"Don't forget to look at the islands," our guide, Mark, calls from across the sea and the approaching waves. Heads that were staring at the waves now lift to take in the view. And there's plenty to see.
The Breakseas are a small string of islands separated by narrow channels. Waves explode over the cliffs, and a sea arch rises like a rainbow in a gap between islands. Near the southern end, a cave burrows a hole right through an island. Were this not such a fierce piece of ocean, it would warrant exploration. Instead, we leave the islands and glide ashore at nearby Spain Bay.
The bay is beautiful - empty sands split by sharp outcrops of rock - but we're here for another reason. We hike for an hour across a narrow ridge of land to Stephens Bay, a long ocean-facing beach where the Southern Ocean thunders ashore.
We walk on to its end, passing the rib of a whale sticking out from the sand, to the site of Tasmania's largest Aboriginal midden. The small sand dunes here are composed almost entirely of discarded shells and the occasional stone tool. Abalone shells glisten in the sunlight, giving the midden the look of an artwork.
Port Davey is a large gash in the western flank of Tasmania, and it's our plan to paddle its length - about 20 kilometres from southern Spain Bay to its northern tip at Settlement Point. It means returning past the Breaksea Islands, though this time we take the inside channel, where it's calm and protected - yin to the open ocean's yang. We briefly back our kayaks into a small cave, rising and falling gently on the small swell that sneaks inside.
A few hours later we're weaving through reefs and nosing ashore at Settlement Point, where low tide has turned the beach into a contour map of sand ripples.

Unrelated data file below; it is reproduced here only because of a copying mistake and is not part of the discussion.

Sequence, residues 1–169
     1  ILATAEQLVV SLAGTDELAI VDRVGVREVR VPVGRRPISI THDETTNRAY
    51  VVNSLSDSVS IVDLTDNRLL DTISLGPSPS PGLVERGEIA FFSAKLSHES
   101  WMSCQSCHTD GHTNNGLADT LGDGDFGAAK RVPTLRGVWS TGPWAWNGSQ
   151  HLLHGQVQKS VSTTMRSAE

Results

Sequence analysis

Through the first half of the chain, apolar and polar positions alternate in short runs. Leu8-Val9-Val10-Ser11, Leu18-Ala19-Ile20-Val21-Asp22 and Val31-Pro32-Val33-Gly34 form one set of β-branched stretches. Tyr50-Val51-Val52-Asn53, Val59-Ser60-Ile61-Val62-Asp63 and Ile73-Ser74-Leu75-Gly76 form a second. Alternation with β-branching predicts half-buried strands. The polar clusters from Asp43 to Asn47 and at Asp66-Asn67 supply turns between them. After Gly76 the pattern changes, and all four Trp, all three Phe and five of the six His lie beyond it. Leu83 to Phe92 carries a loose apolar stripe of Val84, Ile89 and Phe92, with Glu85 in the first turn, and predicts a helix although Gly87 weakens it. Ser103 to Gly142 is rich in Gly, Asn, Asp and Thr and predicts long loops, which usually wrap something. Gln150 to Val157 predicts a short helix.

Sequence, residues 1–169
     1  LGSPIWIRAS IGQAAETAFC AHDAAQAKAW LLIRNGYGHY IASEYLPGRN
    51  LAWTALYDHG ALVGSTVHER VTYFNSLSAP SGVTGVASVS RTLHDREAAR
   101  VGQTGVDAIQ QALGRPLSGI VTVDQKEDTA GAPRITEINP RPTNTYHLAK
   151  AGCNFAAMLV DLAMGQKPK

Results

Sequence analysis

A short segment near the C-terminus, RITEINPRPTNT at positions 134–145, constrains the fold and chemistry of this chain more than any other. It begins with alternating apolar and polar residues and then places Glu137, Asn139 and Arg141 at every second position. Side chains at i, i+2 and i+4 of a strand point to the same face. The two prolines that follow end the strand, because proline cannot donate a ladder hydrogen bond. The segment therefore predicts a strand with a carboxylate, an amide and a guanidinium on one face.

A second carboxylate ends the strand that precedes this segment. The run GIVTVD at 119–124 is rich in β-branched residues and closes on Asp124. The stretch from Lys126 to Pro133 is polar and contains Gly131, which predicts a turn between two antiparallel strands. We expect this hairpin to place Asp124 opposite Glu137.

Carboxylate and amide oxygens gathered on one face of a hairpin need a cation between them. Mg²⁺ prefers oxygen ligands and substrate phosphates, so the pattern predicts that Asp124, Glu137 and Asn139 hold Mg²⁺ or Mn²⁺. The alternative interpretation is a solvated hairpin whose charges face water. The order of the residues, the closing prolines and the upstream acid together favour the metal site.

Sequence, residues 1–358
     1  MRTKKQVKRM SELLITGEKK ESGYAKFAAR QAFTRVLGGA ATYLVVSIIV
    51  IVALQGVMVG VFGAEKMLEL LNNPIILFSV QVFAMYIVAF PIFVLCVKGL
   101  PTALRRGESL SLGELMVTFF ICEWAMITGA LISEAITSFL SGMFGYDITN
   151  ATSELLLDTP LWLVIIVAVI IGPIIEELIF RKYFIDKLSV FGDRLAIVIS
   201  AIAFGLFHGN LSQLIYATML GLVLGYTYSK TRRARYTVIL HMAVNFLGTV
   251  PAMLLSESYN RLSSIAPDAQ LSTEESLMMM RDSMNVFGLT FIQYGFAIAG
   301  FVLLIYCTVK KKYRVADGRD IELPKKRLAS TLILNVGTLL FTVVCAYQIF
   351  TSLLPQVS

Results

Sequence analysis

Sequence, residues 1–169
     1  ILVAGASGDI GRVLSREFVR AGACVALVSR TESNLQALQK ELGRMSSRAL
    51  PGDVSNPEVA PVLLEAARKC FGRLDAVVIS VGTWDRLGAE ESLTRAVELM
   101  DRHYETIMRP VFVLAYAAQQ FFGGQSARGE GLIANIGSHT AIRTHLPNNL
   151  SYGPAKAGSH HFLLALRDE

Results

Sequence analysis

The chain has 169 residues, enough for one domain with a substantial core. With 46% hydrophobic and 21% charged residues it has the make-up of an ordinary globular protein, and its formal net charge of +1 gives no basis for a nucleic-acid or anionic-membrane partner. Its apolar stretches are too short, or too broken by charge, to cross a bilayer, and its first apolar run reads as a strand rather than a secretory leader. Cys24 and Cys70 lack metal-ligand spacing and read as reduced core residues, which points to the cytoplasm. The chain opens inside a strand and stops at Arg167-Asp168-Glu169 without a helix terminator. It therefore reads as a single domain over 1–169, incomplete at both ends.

Though we've reached Port Davey's northern end, we will continue north, paddling up the Davey River into the Davey Gorge, once known as 'Hell's Gates' to the loggers who worked here felling Huon pine trees. The campsite at Settlement Point was once a logging camp, though this day we share it only with a seal that's hauled itself on to the beach to rest.
There is indeed a hellish quality to the lower reaches of the Davey River, with both banks charred by bushfire in 2013, creating an apocalyptic scene. But there are also the black swans - lines and lines of black swans that escort us upstream, their wing tips hitting the water with a sound like applause as they take to the air.
Paddling against the flow of the river, the going is slow but not difficult and soon we're engulfed by cliffs that rise up to 100 metres above the river. Inside the gorge the world stills and, for a time, we simply sit and float atop the mirror images of our own kayaks.
On the tannin-black water, with the cliffs plunging straight into the river and the luminous reflection of the trees, it's a scene that reminds me of the Franklin River, about 80 kilometres north of where we now sit. In the Tasmanian wilderness, that's the greatest compliment I know.
The writer travelled courtesy of Roaring 40s Kayaking.
Virgin, Qantas and Jetstar fly direct from Sydney and Melbourne to Hobart. Kayaking trips begin with a flight into Melaleuca with Par Avion Wilderness Tours. See paravion.com.au.
Roaring 40s Kayaking runs a seven-day Sea Kayaking Expedition, taking in Bathurst Harbour and Port Davey. Trips cost $2990. A three-day Sea Kayaking Exploration, paddling in Bathurst Harbour and staying in the Forest Lagoon permanent camp, costs $2150. The season runs from November to April.